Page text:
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Rev Neurol (Paris). 1999;155 Suppl 4:S73-82.

[Progressive focal cortical atrophies].

[Article in French]

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  • 1Service de Neurologie et Neuropsychologie, Hôpital de la Timone, Marseille.


Progressive focal cortical atrophies are degenerative conditions characterised by the insidious onset and gradual exacerbation of an impairment in a single cognitive domain related to circumscribed cerebral atrophy. Several focal cortical syndromes with deficits in the realm of cognition are reviewed: progressive impairment of language (primary progressive aphasia), speech (progressive anarthria), semantic memory (semantic dementia), episodic memory (pure progressive amnesia), vision (progressive perceptual or visuo-spatial deficits) and gesture (progressive apraxia). These conditions are histologically heterogeneous and can be associated with focal non-specific neuronal loss and gliosis with some spongiform changes (non-specific lesions), pathological features of Pick's disease (inclusion bodies and swollen neurones) or Alzheimer's disease (AD) (senile plaques and neurofibrillary tangles). A relationship between neuropsychological profiles and lesional types emerges from this review of the literature. Non-fluent primary progressive aphasia, semantic dementia and progressive anarthria are usually associated with non-specific lesions and Pick-type pathology. Progressive disorders of episodic memory and progressive visuo-spatial deficits are more often related to AD. If adequate clinical characterisation can determine the underlying disorder, it appears even more important to establish the neuropsychological profile in patients with cortical degenerative disease. Progressive deficits of only one domain of cognition may well be due to preferential involvement of anatomically and functionally defined neural systems and could therefore be considered as "system atrophies". There remains no doubt that these syndromes are particularly well suited models for studies on the relationship between cerebral functions and their neural substrate.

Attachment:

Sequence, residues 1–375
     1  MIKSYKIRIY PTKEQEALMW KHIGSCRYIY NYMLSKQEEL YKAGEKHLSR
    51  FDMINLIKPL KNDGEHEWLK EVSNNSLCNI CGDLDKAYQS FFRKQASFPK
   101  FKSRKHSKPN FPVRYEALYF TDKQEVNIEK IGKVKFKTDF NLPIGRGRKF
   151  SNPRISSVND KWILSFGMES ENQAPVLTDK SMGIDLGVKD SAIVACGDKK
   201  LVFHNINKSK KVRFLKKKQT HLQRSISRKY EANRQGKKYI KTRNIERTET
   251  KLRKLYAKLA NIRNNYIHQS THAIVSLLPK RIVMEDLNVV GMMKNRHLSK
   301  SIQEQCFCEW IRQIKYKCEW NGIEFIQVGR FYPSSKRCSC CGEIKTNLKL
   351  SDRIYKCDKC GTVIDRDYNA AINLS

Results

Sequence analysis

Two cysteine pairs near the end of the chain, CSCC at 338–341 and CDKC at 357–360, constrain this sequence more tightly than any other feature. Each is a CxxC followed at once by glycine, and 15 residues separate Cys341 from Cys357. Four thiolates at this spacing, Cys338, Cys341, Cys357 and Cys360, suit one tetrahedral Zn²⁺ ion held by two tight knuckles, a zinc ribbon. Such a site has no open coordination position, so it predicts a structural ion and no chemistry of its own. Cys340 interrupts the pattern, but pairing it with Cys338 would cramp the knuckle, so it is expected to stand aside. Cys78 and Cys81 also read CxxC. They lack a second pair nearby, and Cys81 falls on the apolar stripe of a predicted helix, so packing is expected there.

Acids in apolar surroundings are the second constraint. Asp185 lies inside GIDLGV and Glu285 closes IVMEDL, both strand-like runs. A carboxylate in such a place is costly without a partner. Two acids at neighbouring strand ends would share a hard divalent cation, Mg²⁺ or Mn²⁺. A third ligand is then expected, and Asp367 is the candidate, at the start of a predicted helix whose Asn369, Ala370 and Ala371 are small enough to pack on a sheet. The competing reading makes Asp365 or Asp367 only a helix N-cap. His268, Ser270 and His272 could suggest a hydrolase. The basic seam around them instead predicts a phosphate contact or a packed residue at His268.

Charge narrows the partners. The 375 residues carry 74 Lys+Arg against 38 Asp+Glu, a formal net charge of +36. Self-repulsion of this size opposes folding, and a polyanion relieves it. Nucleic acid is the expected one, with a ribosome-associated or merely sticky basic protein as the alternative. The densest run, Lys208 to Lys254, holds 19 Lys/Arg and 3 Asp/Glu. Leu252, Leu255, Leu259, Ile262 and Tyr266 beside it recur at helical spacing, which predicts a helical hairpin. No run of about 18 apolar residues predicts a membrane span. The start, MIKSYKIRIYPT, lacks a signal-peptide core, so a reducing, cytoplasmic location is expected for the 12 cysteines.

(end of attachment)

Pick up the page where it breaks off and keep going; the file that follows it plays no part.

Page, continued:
[PubMed - indexed for MEDLINE]
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